For anyone who has shot at steel targets, you know that there’s something quite satisfying about that CLANG or PING sound and the instant feedback you get when you make contact. It can actually be quite addictive and can also be a beneficial addition to your practice routine.
Shooting steel targets is a good complement to the regular paper or cardboard variety in that they provide more options and flexibility for your skill development. While paper is a helpful tool in determining accuracy and how your shots may string, steel allows for differing set-ups and shot challenges that can absolutely improve your abilities. With a variety of sizes, shapes and movement options available, steel targets also generate more in the way of fun when shooting, and this can be a good way to re-energize yourself or get a beginner more enthusiastically interested in the sport.
Aside from the items noted above, shooting steel also:
Provides an immediate, audible indication that you’ve made contact. No more peering through your scope or having to go down range to check results. Be aware though, that you don’t want to let real accuracy suffer and fall into a ‘that’ll do’ attitude with your shooting.
Allows for more shots per session since you can avoid the time spent having to regularly change targets.
Can provide more options for your training environments with differing tactical set-ups.
Creates opportunities for further skill development (timing & leads) with target movement and rotation.
Is convenient for portability, set-up and target changes. Easy spray paint touch ups also help.
Eliminates the need to break down your targets every time, as they can be left out in the elements for the most part.
Enhances training through better muscle memory development, as your body/senses will associate your movement and positioning with the immediate response of hitting the target.
Not all steel is created equal. Good quality targets are made from hardened AR500 and AR550 hardened steel with specific thicknesses that will destroy or safely deflect bullets on impact. The Brinell Hardness Number (BHN) of at least 500 ensures that the impact resistance will maintain the structural and surface integrity of the target while allowing projectiles to follow normal rebound patterns.
There are a wide variety of target types available depending on your requirements. Whether you are shooting competitively, for tactical practice or just for fun, you’d be hard pressed not to find exactly what you need. This is a big part of why shooting steel can be so compelling.
Depending on the target type used, there are a number of different ways that you can mount them. Specific brackets and braces are readily available and either wood or metal posts are the preferred method of supporting them. Note that some folks avoid using metal on the off chance that you might get a wild ricochet. Targets are normally set at a 20-degree down-angle for safe deflection and can be ‘hung’ or used with a spring mount to help absorb some of the impact (you also tend to get a better PING).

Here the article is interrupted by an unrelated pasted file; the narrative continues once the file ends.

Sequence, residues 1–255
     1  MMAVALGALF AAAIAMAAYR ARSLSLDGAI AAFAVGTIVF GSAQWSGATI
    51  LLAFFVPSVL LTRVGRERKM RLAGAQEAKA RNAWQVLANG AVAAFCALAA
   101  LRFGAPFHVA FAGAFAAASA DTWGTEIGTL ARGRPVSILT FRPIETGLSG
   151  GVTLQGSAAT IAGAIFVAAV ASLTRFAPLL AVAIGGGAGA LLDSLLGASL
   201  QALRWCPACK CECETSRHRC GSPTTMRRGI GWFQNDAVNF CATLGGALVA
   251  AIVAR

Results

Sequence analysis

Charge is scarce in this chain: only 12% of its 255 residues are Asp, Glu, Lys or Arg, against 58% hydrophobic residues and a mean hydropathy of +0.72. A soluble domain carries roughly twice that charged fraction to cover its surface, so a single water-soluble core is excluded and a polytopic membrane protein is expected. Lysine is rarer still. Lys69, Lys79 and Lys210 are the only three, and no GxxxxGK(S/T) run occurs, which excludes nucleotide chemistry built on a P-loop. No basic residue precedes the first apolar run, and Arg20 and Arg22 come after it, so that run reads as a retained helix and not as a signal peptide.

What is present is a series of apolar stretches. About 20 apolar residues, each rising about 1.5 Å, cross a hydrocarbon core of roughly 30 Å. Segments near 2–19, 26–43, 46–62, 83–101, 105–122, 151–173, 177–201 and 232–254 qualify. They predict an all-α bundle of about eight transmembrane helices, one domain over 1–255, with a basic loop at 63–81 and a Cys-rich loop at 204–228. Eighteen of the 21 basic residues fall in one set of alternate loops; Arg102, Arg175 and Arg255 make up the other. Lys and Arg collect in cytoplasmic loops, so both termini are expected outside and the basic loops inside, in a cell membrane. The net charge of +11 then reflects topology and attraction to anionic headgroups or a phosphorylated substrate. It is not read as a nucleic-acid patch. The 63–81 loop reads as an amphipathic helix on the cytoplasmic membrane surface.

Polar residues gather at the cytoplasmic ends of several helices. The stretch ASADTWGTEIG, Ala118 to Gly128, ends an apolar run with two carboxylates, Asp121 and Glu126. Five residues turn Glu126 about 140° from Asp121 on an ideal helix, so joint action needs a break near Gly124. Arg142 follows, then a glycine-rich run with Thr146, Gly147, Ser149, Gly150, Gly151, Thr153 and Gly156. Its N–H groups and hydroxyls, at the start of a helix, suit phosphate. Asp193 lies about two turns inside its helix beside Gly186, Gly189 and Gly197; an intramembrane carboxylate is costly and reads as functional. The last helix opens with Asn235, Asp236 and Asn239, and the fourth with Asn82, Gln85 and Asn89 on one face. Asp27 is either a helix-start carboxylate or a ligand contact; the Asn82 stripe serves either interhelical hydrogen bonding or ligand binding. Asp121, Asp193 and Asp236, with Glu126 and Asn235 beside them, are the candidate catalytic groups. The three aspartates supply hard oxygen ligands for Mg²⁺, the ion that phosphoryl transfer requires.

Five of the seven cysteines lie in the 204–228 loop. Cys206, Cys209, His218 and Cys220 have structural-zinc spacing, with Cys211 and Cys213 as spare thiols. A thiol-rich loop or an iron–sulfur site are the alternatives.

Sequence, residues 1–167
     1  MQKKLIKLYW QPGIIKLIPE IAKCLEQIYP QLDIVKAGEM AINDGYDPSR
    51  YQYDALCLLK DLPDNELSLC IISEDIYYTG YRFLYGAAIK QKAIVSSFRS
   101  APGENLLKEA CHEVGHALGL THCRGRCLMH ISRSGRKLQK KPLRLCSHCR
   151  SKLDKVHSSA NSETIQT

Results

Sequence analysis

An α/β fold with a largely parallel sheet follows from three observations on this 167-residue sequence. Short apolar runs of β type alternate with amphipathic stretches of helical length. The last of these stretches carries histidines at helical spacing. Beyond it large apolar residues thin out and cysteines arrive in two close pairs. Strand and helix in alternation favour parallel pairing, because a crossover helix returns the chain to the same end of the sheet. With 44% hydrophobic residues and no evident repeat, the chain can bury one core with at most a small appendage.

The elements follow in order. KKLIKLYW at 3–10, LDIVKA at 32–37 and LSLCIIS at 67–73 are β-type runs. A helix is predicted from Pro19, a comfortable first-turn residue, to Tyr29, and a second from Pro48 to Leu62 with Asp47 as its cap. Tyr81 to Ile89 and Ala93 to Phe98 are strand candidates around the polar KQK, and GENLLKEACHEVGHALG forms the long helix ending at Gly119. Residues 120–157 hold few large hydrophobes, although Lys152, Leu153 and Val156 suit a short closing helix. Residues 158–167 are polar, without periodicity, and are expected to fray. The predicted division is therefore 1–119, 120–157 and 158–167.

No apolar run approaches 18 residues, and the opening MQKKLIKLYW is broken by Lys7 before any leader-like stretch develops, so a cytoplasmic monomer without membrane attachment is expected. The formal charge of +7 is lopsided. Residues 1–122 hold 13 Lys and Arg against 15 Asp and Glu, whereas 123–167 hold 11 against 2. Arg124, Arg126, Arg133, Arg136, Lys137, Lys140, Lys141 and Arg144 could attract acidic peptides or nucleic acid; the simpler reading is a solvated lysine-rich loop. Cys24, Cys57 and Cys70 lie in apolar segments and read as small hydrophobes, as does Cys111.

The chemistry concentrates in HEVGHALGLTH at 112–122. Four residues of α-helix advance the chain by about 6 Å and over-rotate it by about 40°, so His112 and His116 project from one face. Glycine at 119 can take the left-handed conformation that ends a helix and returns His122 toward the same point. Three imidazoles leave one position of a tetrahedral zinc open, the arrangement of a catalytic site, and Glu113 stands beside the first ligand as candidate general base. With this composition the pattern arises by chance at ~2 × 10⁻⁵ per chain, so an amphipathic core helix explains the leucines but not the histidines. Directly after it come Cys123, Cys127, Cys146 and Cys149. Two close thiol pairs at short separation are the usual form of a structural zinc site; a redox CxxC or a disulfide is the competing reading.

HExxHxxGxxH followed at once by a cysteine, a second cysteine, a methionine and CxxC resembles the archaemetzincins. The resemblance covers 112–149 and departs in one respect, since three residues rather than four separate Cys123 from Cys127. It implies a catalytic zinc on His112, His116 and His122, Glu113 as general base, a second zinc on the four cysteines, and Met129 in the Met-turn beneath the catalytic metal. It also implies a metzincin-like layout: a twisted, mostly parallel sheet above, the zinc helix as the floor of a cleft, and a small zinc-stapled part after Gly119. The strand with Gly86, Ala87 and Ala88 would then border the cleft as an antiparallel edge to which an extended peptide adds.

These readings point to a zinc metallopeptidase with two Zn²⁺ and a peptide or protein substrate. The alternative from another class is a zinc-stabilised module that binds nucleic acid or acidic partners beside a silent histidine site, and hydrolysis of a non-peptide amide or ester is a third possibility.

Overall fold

Be sure to toss out your targets if they show significant signs of pitting, cratering or cracking. Uneven surfaces drastically increase the risk of bullets or fragments going off in unintended directions.
Avoid welding or modifying your plates in any way as this will affect their performance and create opportunities for risk.
First and foremost – ALWAYS follow the rated caliber, velocity, distance and ammo-type guidelines for the targets being used and their application. When in doubt, ask a qualified retailer, instructor or experienced range professional about what your approach should be.
It’s important to understand that using the right ammo for shooting steel is critical for both safety and the life of the target. FMJ or Ball ammo with a softer core (usually lead) works well as does frangible (compressed / bonded) ammo since it basically disintegrates on impact. Avoid anything penetrating or with a steel core that will not easily break apart.
As with most things, accidents can happen when standards and common sense aren’t followed. Take note of the target and ammo safety-related items listed above and also consider:
ALWAYS wear certified eye and hearing protection when shooting or if you’re in the vicinity of someone who is.
Wear appropriate clothing for the activity to help protect yourself (avoid the shorts and flip flops).
Don’t shoot BB’s, pellets or Air Soft at harder, thicker targets, as they don’t impact with sufficient force to shatter and may bounce back.
Although you may love hearing that addictive PING sound when shooting something metallic, avoid firing at softer or scrap metals that may produce unpredictable ricochets or reactions when hit.
Regardless of your discipline, utilizing steel targets can definitely enhance your training experience. Paper is great for precision shooting and zeroing your optics, but there’s nothing quite like that immediate feedback you get from hitting steel.
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